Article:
Its tough, steep passages were equally talked about. To the northwest of Pamplona, this climb is located in a National Park, with impressive views, especially as the summit approaches.

The Sanctuary at the official top is a popular pilgrimage destination, but there is a very broken, singletrack, dead-end road that continues 2km higher, up to a small satellite station.

For CCC riders, this is their top, and is the steepest part of the climb. The descent on the north side is the pilgrim coach route, so wide and smooth tarmac is the perfect reward.

3. El Acebo


  • Average gradient 10%
  • Maximum gradient 17%


  • Average gradient 9%,
  • Maximum gradient 11.5%
  • Stage 4 and stage 5 CCC Cantabrico

Great scenery can help take your mind off the pain of climbing
Philip Deeker

This climb has two very contrasting sides. For CCC riders, one ends stage four, while the other opens the ‘queen’ stage five (212km with 6,700m of ascent).

The stage four side starts in a tight valley from the tiny hamlet of Carballo and uses sections of concrete farm lanes and brief bits of place-to-place ‘proper’ roads. It’s a climb that bites at you viciously and grants you little respite.

The other side starts in Cangas del Narcea, a relatively busy town in the heart of the Asturias, with a double-figure gradient initially announcing another onslaught. Steep though it is in places, this is also a steady, smooth, open road that winds its way across the contours of open grazing land. I love this type of climb for its tranquillity as the valley below slowly becomes silent and almost abstract. Soothing views of rolling hillsides remind you that you don’t always have to suffer.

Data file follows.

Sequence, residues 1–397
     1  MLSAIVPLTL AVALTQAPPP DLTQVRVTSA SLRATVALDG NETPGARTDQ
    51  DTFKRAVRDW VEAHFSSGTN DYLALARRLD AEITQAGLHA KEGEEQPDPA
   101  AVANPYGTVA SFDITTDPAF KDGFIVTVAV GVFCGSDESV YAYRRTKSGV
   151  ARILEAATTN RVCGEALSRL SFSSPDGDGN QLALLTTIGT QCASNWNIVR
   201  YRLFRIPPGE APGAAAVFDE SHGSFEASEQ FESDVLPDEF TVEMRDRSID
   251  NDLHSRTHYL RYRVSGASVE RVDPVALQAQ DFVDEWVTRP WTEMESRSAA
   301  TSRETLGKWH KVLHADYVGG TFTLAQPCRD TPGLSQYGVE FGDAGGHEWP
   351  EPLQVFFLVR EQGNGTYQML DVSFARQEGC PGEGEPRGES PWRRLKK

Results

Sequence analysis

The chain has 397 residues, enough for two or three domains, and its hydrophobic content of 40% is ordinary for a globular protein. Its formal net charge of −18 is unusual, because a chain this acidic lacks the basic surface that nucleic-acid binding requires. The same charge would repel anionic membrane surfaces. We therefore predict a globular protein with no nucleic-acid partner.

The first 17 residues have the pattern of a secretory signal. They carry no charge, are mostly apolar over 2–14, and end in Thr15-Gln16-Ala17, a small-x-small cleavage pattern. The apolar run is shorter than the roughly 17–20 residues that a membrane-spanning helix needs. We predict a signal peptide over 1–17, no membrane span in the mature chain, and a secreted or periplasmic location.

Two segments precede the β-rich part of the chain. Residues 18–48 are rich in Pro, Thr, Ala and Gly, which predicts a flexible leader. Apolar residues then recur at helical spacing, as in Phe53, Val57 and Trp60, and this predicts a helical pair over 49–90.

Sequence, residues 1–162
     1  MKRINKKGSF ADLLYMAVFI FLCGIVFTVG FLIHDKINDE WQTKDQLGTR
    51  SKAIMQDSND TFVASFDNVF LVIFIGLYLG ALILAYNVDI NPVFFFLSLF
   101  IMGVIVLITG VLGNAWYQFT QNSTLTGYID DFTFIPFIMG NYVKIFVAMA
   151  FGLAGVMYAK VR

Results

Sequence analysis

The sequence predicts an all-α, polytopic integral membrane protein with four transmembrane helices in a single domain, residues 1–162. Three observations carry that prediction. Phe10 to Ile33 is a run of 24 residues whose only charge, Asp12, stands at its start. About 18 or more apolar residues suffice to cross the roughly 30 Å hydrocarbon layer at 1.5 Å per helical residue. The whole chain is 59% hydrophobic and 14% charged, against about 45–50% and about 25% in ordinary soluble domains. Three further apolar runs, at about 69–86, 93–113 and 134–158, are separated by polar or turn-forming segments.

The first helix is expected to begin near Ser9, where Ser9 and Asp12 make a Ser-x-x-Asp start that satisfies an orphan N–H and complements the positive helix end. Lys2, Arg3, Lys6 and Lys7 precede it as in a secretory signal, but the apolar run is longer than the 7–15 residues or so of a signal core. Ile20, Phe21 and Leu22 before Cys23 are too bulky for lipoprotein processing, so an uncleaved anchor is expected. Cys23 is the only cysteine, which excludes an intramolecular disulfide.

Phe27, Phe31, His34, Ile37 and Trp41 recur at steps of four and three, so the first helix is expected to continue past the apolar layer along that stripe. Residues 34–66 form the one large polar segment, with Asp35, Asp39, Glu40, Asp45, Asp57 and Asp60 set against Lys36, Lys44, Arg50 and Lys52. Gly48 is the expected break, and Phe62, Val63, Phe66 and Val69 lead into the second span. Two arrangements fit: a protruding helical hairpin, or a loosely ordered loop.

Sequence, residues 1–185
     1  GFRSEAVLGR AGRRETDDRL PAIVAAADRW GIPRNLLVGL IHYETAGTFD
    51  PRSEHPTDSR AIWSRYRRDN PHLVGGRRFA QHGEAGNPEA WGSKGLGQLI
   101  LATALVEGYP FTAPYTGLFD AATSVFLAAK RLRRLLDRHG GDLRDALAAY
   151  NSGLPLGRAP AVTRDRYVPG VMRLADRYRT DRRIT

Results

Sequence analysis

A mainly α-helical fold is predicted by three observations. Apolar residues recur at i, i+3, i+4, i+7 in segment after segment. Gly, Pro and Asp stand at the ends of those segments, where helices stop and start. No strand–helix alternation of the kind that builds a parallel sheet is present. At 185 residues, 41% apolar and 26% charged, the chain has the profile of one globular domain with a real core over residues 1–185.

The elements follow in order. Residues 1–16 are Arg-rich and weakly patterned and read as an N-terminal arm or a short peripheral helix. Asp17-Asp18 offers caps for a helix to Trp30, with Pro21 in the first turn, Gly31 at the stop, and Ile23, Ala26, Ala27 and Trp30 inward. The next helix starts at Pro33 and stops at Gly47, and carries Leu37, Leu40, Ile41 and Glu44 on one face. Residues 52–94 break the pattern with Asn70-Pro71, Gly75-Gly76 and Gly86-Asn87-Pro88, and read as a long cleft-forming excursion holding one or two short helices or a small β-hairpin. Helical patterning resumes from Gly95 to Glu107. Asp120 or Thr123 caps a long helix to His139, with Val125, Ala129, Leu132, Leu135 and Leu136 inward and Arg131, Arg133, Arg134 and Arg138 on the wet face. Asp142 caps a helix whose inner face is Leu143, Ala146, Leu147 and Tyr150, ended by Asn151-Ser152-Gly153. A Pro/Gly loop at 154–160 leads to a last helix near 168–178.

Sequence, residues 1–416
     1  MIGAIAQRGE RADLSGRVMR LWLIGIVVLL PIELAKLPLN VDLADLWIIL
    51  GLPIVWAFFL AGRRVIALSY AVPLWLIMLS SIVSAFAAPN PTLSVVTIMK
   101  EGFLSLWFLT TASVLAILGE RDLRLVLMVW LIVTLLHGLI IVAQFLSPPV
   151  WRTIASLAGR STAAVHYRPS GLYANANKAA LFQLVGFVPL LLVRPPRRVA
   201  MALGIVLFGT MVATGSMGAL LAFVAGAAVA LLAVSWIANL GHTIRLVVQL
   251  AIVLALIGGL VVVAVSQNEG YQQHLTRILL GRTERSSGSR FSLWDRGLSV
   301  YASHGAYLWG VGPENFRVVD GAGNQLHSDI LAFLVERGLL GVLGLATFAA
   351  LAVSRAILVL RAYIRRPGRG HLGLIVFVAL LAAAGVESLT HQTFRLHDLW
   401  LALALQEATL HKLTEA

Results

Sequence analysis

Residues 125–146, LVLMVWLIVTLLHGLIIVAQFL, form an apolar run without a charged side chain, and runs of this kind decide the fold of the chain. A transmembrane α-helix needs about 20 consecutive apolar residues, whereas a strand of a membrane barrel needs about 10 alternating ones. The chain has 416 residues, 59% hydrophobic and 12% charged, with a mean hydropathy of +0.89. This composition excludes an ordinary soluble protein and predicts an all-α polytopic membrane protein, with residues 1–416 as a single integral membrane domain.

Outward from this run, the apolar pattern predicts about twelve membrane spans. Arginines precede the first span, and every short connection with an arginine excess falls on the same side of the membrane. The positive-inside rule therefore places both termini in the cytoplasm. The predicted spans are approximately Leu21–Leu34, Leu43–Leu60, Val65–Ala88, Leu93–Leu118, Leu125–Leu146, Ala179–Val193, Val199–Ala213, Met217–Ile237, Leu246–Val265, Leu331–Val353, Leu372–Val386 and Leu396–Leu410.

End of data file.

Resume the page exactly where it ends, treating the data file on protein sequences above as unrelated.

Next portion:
4. Col d’Arnostéguy

  • 13km
  • Average gradient 7.5%
  • Maximum gradient 16%
  • Stage 8, CCC West Pyrenees

Watch out for the sheep
Philip Deeker

The Ossau-Iraty region of the French Basque Country produces some of France’s best mountain cheese. Flocks of sheep freely roam open hills that incessantly plunge and rise from deep, shaded valleys. Sheep dogs round them up daily for the farmers to milk. You can imagine that the shepherds’ need to drive up and down to their flocks is the reason why the area has such a dense network of the most dramatic singletrack roads a cyclist could hope to find.

Gradients can be scarily steep, bends three-point-turn tight, but the overall road surface is surprisingly good. The open views and soothing pattern of roads as they briefly follow ridge contours before disappearing down again, and the purity of the light, have provided many unforgettable moments of exhausted jubilation.